Fast vs. Gigabit Ethernet for Surveillance

Author: Ethan Ace, Published on Mar 13, 2012

This guide is intended to help users decide when to use 100 Mbps Fast Ethernet vs 1 Gbps Ethernet in surveillance deployements. It covers:

  • The basics of Ethernet, Fast vs. Gigabit
  • Power over Ethernet support
  • Cost differences 
  • When to use Fast Ethernet
  • When to use Gigabit Ethernet
  • 10 Gigabit Ethernet
  • The future of Ethernet in surveillance

Ethernet Basics

Ethernet, in the context of most networks, consists of two separate standards:

  • Fast Ethernet: Fast Ethernet is the most commonly used standard, capable of 100 Mbps speeds. It is also commonly referred to simply as "Ethernet" or "10/100", though this are technically misnomers, which refer also to the older, original 10 Mbps standard, as well. Fast Ethernet is the basis of most networks, surveillance and otherwise, and is found in the majority of switches, PCs, and surveillance equipment on the market today. 
  • Gigabit Ethernet: Gigabit Ethernet (GbE) is capable of 10x the speed of Fast Ethernet, up to 1000 Mbps, or 1 Gbps. It has historically been used for switch-to-switch connections between network closets, or connecting servers to the network, due to the larger amount of traffic in these scenarios. It has seen limited use in connecting desktop PCs in most environments, simply because these additional speeds are unnecessary for most users.

These two terms actually consist of multiple different standards for copper and fiber Ethernet. Users selecting fiber equipment should be careful, however, as there is much more variation in fiber standards, which differ by distance, topology, and cable type. 

Power over Ethernet

Power over Ethernet is supported on both Fast and Gigabit Ethernet. Previous iterations of the PoE and GbE standards were incompatible, but today, PoE-capable gigabit switches are available. These are largely unnecessary in surveillance, as most equipment does not require gigabit speeds nor is it equipped with gigabit connections. Gigabit PoE is more often used for wireless equipment, as speeds are often higher than 100 Mbps.

Cost Differences

Moving from Fast Ethernet to gigabit is a moderate cost increase. For example, 8-port Cisco 300 series switches, with PoE, compare as follows:

$100 across the total cost of a system is not a significant increase, but budget-conscious users should be aware using GbE only when necessary.

When to Use Fast Ethernet

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Fast Ethernet (100 Mb/sec) is used for connections to field devices, such as cameras, encoders, and I/O modules. Rarely do these devices support gigabit speeds. However, gigabit switches feature 10/100/1000 Mbps auto-sensing ports, meaning that the switch port will negotiate down to 100 Mbps speeds if a Fast Ethernet device is connected. Despite rapid increases in resolution in the past few years, camera streams are simply not large enough to warrant the use of Gigabit Ethernet for the bulk of the network.

When to Use Gigabit Ethernet

Though its use in connecting between camera and switch is unnecessary, Gigabit Ethernet does have three key uses in surveillance systems:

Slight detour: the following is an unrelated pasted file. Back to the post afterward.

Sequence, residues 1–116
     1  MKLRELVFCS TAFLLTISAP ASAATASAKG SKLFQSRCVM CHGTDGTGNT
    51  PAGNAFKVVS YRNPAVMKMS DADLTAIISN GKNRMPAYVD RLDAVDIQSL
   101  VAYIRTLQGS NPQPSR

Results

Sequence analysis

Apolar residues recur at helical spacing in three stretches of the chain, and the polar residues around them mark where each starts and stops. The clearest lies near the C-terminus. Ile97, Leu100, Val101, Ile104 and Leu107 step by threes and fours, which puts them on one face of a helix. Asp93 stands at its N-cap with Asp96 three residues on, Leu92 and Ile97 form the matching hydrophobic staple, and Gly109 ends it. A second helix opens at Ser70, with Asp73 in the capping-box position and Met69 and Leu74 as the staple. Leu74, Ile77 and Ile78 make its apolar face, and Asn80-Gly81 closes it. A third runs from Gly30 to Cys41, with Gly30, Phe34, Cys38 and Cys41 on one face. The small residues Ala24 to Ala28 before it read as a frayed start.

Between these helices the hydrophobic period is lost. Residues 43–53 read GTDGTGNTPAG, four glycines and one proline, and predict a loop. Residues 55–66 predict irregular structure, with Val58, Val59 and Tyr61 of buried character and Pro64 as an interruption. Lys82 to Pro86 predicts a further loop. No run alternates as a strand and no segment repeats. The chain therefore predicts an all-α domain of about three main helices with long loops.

• Connecting Switches: When connecting switches to each other, whether in the same rack, or between multiple wiring closets, gigabit speeds are often preferred, if not required. For example, assume a switch handling twenty 4 Mbps streams, a total of 80 Mbps, is to be connected to another switch at the head end. This total required throughput is beyond what a Fast Ethernet link is likely to provide, requiring a gigabit uplink instead.
  • Connecting Servers: When connecting servers to a surveillance network, gigabit speeds may be required. Similar to the above switch example, a 10/100 link may be unable to handle throughput required by a server. This is more common in larger systems, as small systems may be well below Fast Ethernet's usable bandwidth.
  • Storage Networks: When using network-based storage, Gigabit Ethernet should be used. In enterprise-level systems, when connecting servers to SAN equipment, gigabit networks are typically preferred, using a dedicated network. At these levels, likely at least 30-40 cameras, Fast Ethernet simply cannot manage the throughput required between server and SAN. Even in small systems using NAS storage, the bandwidth consumed by camera streaming, one or more viewing clients, and potentially retrieving archived video may be more than a 100 Mbps link can sustain.

10 Gigabit Ethernet (10GbE)

The only likely use for 10GbE in surveillance is for storage interconnects, in cases where throughput is higher than a gigabit network can support. Beyond this, its added bandwidth and cost are unneeded. For the most part, 10 Gigabit Ethernet is used in data center interconnects and in internet routing, where huge amounts of traffic are being passed. 10GbE has a maximum distance of 30m on Cat 6, requiring Cat 6A for full 100m distance. On multimode fiber it may run up to 400m, and up to 10km on singlemode. 

Future Ethernet Needs

We expect that Fast Ethernet will remain standard on cameras for years to come. With even today's highest-resolution cameras well-supported by Fast Ethernet, it will take dramatic increases in resolution at full frame rates to make gigabit necessary. Additionally, we expect compression will continue to improve, lessening the impact of resolution increases, at least somewhat. For these reasons, GbE will most likely remain relegated to backbone and storage connections, instead of everyday use.

1 report cite this report:

Aruba Networks Profile on Feb 22, 2018
Aruba Networks' presence in the video surveillance market has historically been limited. With a company focus on Wi-Fi first and switching...
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